We all make mistakes. Of course. I have made them, and so have you. And sometimes I have made my mistakes into bigger problems than they really were.
“Making a mountain out of a mole hill.”
The expression says it all. I’ve become really convinced that my mistake was a “catastrophe” or at least “really wrong”. If you ask me about how I’m feeling I say “guilty” or “disappointed” or simply “bad”. And really I’m saying “I feel shame. I feel like I’m a failure, and I’m scared that you might look down on me.”
Sound familiar? Maybe not, and that’s fantastic. But many of you may know this experience all too well. What’s tricky about it is that of course you want to “do better next time”. You “want to learn from my mistakes”. Or you “want to take responsibility for my actions.” You “ought to feel guilty, disappointed, or regret when you do something wrong”.
All these beliefs make it hard for you to realize when you’re overblowing the significance of the mistake. Some of you may have heard of the feeling of “shame” or “the inner critic” or “feeling unworthy”. There is a significant difference between feeling regret and seeing yourself as fundamentally wrong.
But like I said above, it can be difficult to distinguish the difference so here are three questions to ask yourself to see if you’re feeling genuine remorse or fundamentally wrong:
First, how do I feel? If I notice that my feelings of disappointment color everything, that nothing seems “right”, that’s feeling fundamentally wrong. And when I feel remorse, I certainly do feel sad and disappointed. I’m definitely not happy. But I am able to take my attention off of the mistake for a while. I can actually be cheered up. When I’m so despondent I can’t be reached by anyone’s encouragement or support, I’m definitely feeling worthless and not simple remorse.
Second, I ask myself “am I okay?” I don’t mean “am I going to be okay?” or a reassuring “you still have your health and life.” ”Am I okay” right here in the present moment. The specific question I use may not relate to you, but you have to be honest with yourself about whether in this moment you feel wrong, bad, like a failure, shame, or unworthy. Some other variations on this question you might find more useful: “am I acceptable?” or “am I good?” or “am I loveable?”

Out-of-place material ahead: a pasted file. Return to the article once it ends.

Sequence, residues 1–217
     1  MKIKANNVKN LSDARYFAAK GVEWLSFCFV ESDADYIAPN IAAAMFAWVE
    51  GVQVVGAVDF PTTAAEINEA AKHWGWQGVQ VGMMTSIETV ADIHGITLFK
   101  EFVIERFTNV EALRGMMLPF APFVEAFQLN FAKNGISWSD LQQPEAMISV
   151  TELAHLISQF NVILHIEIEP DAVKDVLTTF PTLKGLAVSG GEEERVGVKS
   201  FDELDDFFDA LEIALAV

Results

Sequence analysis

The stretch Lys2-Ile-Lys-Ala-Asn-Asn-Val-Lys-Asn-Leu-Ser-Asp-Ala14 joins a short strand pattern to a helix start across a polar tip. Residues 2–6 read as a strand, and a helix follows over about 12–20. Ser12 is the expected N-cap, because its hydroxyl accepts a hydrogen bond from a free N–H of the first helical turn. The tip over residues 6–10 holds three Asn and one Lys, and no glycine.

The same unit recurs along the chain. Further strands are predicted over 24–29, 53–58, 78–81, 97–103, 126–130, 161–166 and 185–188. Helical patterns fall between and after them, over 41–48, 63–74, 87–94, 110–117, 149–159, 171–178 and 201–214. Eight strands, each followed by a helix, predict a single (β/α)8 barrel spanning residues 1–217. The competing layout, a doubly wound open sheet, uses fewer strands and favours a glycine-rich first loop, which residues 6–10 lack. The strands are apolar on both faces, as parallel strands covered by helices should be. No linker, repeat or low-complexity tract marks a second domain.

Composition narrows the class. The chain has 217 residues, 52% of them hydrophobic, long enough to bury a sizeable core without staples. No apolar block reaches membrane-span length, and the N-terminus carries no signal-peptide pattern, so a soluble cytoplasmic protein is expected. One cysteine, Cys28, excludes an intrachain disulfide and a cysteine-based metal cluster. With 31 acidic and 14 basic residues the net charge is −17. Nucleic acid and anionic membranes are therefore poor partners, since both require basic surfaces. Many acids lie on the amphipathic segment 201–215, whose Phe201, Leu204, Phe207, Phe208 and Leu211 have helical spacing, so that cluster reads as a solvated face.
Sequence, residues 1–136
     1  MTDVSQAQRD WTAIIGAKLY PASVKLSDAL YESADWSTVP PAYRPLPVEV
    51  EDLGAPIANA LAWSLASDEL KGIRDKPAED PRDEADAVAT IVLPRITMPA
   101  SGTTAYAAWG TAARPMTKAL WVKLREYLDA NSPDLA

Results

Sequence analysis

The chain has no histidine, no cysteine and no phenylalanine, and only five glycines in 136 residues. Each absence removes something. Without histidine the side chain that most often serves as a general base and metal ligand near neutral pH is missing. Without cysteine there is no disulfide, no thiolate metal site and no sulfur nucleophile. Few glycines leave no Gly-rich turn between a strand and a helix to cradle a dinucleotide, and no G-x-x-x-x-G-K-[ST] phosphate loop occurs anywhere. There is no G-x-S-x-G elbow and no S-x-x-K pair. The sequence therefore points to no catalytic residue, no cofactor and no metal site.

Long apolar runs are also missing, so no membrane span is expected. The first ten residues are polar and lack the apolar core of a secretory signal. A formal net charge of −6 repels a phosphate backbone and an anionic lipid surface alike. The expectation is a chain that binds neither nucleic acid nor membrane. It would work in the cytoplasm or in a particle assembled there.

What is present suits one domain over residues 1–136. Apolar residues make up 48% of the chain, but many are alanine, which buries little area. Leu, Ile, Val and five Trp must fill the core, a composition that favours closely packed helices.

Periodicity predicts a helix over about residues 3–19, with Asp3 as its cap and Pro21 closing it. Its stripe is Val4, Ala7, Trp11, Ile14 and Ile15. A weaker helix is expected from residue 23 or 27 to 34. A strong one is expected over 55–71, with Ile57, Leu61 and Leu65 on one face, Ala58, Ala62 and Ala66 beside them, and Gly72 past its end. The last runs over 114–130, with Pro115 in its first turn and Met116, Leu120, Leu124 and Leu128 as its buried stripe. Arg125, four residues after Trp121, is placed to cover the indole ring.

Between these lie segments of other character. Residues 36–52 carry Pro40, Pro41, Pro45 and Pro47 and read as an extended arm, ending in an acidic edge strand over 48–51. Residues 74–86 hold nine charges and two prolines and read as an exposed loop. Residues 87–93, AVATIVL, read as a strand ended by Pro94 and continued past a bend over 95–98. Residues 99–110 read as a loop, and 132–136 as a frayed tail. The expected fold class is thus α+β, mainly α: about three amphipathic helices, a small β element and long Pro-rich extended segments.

Third, can you see the good in what you were trying to do? Everything we do is in an attempt to fulfill our natural values or needs. If you can see what the positive values or needs you were trying to meet for yourself, then you’re feeling natural remorse. But if it seems like you had malicious intentions all along, that’s this feeling of being fundamentally wrong. Genuine remorse is not just noticing that what you tried to do failed in some way, it is also noticing what you wanted to achieve and why you thought what you did would achieve that. Genuine remorse gives you room to learn, to grow, to improve. Feeling fundamentally wrong prevents all that.
It’s important to distinguish genuine remorse from feeling fundamentally wrong. Recognizing that you’re feeling fundamentally wrong will help you realize that you’re experiencing unnecessary suffering. That you can become liberated from that suffering while still able to learn from your mistakes. Honest, compassion self-evaluation is possible. And the first step is noticing when you’re self-evaluation is skewed.
KindCommunication.org is a project by a close friend of Wiki World Order, Alex Leach. WWO fully supports the study, practice, and teaching of non-violent communication as one of the core solutions which already exists.